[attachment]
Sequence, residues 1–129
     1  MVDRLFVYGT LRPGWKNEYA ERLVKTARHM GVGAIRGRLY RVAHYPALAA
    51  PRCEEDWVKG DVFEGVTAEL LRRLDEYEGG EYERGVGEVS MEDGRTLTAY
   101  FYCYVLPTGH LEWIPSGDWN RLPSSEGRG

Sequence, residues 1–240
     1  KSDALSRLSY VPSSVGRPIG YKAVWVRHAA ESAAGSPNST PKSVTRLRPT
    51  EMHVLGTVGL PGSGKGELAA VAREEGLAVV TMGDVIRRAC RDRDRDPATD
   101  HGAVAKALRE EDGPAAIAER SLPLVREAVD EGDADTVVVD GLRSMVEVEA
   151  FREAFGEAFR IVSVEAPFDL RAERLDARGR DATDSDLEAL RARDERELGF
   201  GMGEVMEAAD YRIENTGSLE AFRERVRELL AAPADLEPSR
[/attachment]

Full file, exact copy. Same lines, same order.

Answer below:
Sequence, residues 1–129
     1  MVDRLFVYGT LRPGWKNEYA ERLVKTARHM GVGAIRGRLY RVAHYPALAA
    51  PRCEEDWVKG DVFEGVTAEL LRRLDEYEGG EYERGVGEVS MEDGRTLTAY
   101  FYCYVLPTGH LEWIPSGDWN RLPSSEGRG

Sequence, residues 1–240
     1  KSDALSRLSY VPSSVGRPIG YKAVWVRHAA ESAAGSPNST PKSVTRLRPT
    51  EMHVLGTVGL PGSGKGELAA VAREEGLAVV TMGDVIRRAC RDRDRDPATD
   101  HGAVAKALRE EDGPAAIAER SLPLVREAVD EGDADTVVVD GLRSMVEVEA
   151  FREAFGEAFR IVSVEAPFDL RAERLDARGR DATDSDLEAL RARDERELGF
   201  GMGEVMEAAD YRIENTGSLE AFRERVRELL AAPADLEPSR